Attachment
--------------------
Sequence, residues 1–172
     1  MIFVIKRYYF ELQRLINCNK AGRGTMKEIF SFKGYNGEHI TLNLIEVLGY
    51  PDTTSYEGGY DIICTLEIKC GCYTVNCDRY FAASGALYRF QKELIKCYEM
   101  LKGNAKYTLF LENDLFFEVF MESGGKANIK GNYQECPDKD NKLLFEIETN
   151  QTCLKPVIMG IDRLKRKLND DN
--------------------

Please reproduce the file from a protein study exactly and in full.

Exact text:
Sequence, residues 1–172
     1  MIFVIKRYYF ELQRLINCNK AGRGTMKEIF SFKGYNGEHI TLNLIEVLGY
    51  PDTTSYEGGY DIICTLEIKC GCYTVNCDRY FAASGALYRF QKELIKCYEM
   101  LKGNAKYTLF LENDLFFEVF MESGGKANIK GNYQECPDKD NKLLFEIETN
   151  QTCLKPVIMG IDRLKRKLND DN